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Locals get first look at plans for I-15-Tropicana Avenue intersection

Southern Nevada residents should be just catching their breath after enduring the huge Project Neon program sometime after 2020 when the next big Interstate 15 freeway work gets underway.

The public got its first look at the $190 million I-15-Tropicana Avenue Interchange proposal at a public open house meeting Tuesday at the Hampton Inn Event Center on Dean Martin Drive.

Planners are in the earliest stages of considering improvements necessitated by traffic growth in the shadow of the new 20,000-seat arena west of New York-New York.

About 25 meeting attendees, many of them business people concerned about how the project would affect access to their properties, asked questions and reviewed maps and renderings of the interchange known in the engineering world as an “expanded tight diamond interchange.”

The Nevada Department of Transportation is accepting written and emailed comments through Oct. 16 on the feasibility study that eventually will lead to environmental studies, design, right-of-way acquisition, permitting and construction of the project. Written comments can be sent to Project Manager Jeff Lerud at NDOT, 1263 S. Stewart St., Carson City, NV 89712, or emailed to info@dot.state.nv.us.

The need for the project, like most transportation department efforts, involves making the interchange safer. There were 989 crashes along Tropicana Avenue between Valley View and Las Vegas boulevards between 2010 and 2013 and of them, more than half were accidents at the interchange ramp intersections.

Congestion and delays are common in the area. The northbound frontage road, known as a “collector-distributor,” is frequently backed up past Russell Road to the 215 Beltway. A logjam occurs when traffic is trying to accelerate onto northbound I-15 while others are slowing to the Tropicana exit. The biggest problem is that the Tropicana bridge over I-15 — built in the 1960s — isn’t wide enough to allow construction of a longer acceleration lane for vehicles merging onto I-15.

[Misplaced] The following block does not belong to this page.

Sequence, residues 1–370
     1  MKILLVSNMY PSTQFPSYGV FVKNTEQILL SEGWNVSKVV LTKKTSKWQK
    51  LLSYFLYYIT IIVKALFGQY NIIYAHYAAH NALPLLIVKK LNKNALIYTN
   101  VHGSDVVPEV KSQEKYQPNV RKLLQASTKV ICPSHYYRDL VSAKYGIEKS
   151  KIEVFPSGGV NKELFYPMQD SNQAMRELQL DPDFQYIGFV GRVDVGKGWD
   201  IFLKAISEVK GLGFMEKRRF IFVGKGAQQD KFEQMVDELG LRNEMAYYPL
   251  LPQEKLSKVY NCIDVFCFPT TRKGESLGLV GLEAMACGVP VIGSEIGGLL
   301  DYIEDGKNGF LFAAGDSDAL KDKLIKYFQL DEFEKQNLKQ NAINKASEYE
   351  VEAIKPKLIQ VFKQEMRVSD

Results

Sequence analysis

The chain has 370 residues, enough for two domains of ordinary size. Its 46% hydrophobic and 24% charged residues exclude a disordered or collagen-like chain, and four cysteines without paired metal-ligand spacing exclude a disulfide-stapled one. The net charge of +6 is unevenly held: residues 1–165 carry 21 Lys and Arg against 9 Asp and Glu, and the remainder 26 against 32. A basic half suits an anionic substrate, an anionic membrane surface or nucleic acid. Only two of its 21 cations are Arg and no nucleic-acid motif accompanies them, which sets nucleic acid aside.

In addition, Tropicana’s bridge clearance is 15 feet, 10 inches — 8 inches less than the standard minimum clearance. That has resulted in big rigs and vehicles towing tall loads to collide with the bridge structure.

The number of vehicles on I-15 near the Tropicana overpass is expected to increase from 245,000 vehicles a day in 2014 to 295,000 vehicles a day by 2035, thanks in part to the new traffic generator in the neighborhood, the arena being built by MGM Resorts International and AEG Live. Volume also is expected to climb on the narrow Tropicana bridge by 48 percent.

How do you fix it?

What the transportation department is proposing is to rebuild the entire interchange, including the sweeping flyover bridge that connects southbound I-15 traffic to eastbound Tropicana and the Las Vegas Strip.

Other features of the project:

— Onramps and offramps will be expanded.

— Triple-left-turn lanes will be built at signaled intersections.

— The northbound frontage collector-distributor road entrance to I-15 will be lengthened.

— A bridge will be added for Dean Martin Drive traffic to pass beneath Tropicana.

— The entire Tropicana bridge over I-15 will be lengthened to meet height and width clearances.

— The existing flyover ramp will be replaced to meet height and width clearances.

Contact Richard N. Velotta at rvelotta@reviewjournal.com or 702-477-3893. Find him on Twitter: @RickVelotta.

 

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